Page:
One of the most anguishing consequences of advanced Alzheimer’s disease is that patients fail to recognise their loved ones’ faces. This is due both to patients’ fading memory and to the deterioration of their faculty for “holistic perception”—the visual process that helps us recall a “mental name tag” when we see a known person’s face. Needless to say, such forgetfulness is painful and distressing for both patients and their families. That is why an American startup is combining augmented reality (AR) and machine learning to tackle this symptom.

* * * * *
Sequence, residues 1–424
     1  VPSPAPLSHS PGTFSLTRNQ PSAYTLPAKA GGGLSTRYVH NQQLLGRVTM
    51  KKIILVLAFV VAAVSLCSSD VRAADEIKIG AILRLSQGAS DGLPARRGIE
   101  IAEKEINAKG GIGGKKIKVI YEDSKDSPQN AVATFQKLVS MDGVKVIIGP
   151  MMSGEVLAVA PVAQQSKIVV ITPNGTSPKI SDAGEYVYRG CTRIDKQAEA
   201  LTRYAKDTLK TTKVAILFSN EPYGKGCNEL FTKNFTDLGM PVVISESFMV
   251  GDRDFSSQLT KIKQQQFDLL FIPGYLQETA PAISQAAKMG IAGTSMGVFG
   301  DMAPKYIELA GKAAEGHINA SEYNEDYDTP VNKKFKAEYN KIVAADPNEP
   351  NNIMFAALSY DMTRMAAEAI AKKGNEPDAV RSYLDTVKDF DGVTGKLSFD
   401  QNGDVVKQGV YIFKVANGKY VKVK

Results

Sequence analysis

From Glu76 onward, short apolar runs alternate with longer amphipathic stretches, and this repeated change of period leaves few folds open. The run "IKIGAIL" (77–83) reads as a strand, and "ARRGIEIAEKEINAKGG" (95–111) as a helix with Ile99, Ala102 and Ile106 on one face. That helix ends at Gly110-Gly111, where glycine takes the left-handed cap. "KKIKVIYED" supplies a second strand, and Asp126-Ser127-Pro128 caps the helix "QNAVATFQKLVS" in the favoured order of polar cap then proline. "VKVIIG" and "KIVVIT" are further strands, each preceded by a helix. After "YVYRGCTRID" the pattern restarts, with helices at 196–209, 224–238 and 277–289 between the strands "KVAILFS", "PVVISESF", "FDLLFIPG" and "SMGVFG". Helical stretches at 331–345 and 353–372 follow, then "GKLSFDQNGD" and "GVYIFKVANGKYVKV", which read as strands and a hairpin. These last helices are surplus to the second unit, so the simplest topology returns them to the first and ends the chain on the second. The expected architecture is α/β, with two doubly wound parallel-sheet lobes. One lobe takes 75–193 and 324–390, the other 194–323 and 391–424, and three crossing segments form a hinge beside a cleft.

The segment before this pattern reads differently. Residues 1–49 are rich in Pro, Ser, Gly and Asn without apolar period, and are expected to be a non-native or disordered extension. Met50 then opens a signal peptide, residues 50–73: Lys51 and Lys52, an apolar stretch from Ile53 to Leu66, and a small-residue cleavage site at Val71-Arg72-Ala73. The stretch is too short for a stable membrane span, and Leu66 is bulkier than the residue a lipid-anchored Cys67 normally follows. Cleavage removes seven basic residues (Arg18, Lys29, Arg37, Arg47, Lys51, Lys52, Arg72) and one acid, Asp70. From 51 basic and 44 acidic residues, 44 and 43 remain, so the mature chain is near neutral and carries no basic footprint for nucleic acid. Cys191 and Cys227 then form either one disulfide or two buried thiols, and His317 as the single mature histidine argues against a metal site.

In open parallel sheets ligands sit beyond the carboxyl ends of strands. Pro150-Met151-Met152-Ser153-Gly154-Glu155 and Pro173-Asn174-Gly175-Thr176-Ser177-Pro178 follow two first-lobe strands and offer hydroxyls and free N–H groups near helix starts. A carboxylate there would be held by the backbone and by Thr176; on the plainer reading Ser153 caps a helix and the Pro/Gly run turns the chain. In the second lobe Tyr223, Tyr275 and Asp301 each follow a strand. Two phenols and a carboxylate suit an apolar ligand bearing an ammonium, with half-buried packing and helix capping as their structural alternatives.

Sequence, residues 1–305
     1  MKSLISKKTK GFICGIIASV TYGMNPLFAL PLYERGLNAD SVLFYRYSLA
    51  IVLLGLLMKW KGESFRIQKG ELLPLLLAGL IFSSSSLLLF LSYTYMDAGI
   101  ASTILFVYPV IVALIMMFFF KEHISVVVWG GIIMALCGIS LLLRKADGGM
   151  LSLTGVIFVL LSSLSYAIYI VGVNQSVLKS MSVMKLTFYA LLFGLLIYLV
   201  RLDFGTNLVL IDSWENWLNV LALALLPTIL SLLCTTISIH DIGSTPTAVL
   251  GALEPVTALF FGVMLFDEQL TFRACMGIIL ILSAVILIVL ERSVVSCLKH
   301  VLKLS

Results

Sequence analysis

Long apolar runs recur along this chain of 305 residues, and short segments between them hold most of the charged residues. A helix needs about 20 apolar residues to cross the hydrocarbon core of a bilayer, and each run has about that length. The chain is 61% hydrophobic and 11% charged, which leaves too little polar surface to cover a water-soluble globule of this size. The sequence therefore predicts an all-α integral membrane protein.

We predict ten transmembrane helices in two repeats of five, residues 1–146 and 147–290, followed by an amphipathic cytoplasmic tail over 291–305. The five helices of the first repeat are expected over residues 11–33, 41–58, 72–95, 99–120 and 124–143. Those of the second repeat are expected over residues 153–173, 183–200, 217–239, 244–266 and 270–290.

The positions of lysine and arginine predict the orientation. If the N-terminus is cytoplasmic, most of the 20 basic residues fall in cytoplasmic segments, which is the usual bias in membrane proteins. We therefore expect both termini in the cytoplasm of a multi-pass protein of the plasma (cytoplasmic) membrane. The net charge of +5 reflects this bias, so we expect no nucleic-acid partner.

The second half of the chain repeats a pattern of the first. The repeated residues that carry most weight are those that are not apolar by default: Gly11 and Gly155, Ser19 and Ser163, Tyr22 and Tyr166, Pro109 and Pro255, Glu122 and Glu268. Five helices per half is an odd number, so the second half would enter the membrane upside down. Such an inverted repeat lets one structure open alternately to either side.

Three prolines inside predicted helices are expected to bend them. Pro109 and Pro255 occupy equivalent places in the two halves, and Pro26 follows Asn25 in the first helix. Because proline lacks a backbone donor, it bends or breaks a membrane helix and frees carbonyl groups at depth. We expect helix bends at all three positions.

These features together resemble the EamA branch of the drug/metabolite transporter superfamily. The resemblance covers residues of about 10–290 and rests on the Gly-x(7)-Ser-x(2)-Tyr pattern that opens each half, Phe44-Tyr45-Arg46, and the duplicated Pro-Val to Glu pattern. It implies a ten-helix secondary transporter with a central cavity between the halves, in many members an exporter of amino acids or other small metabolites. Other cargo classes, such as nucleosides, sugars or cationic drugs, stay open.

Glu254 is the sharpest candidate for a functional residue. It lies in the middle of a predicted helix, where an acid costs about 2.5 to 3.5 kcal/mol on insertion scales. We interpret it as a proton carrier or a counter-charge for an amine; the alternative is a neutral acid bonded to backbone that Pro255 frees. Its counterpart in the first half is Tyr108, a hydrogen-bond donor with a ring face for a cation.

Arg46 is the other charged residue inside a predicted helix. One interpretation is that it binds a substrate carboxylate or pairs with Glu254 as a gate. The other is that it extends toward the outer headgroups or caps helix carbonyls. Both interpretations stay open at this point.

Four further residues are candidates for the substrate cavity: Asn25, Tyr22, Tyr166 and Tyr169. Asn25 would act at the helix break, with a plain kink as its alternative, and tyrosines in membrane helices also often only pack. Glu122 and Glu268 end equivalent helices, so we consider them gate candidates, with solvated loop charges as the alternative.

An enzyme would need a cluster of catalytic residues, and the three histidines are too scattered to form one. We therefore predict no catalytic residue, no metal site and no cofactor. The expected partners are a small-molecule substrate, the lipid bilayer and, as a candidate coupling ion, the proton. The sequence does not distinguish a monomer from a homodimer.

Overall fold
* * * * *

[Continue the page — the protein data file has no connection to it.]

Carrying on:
New Jersey-based ThirdEye presented its X1 Smart Glasses at CES 2018 in Las Vegas. “AR technology has reached a point where it can be miniaturised enough to be able to fit on people’s faces, but it is also powerful enough to have features that make a difference,” says founder and CEO Nick Cherukuri. The company has fitted its headset with a neural network that can be trained to recognise human faces. The headset can process several pictures of an Alzheimer’s patient’s loved ones and learn to label those people every time they are in front of the glasses.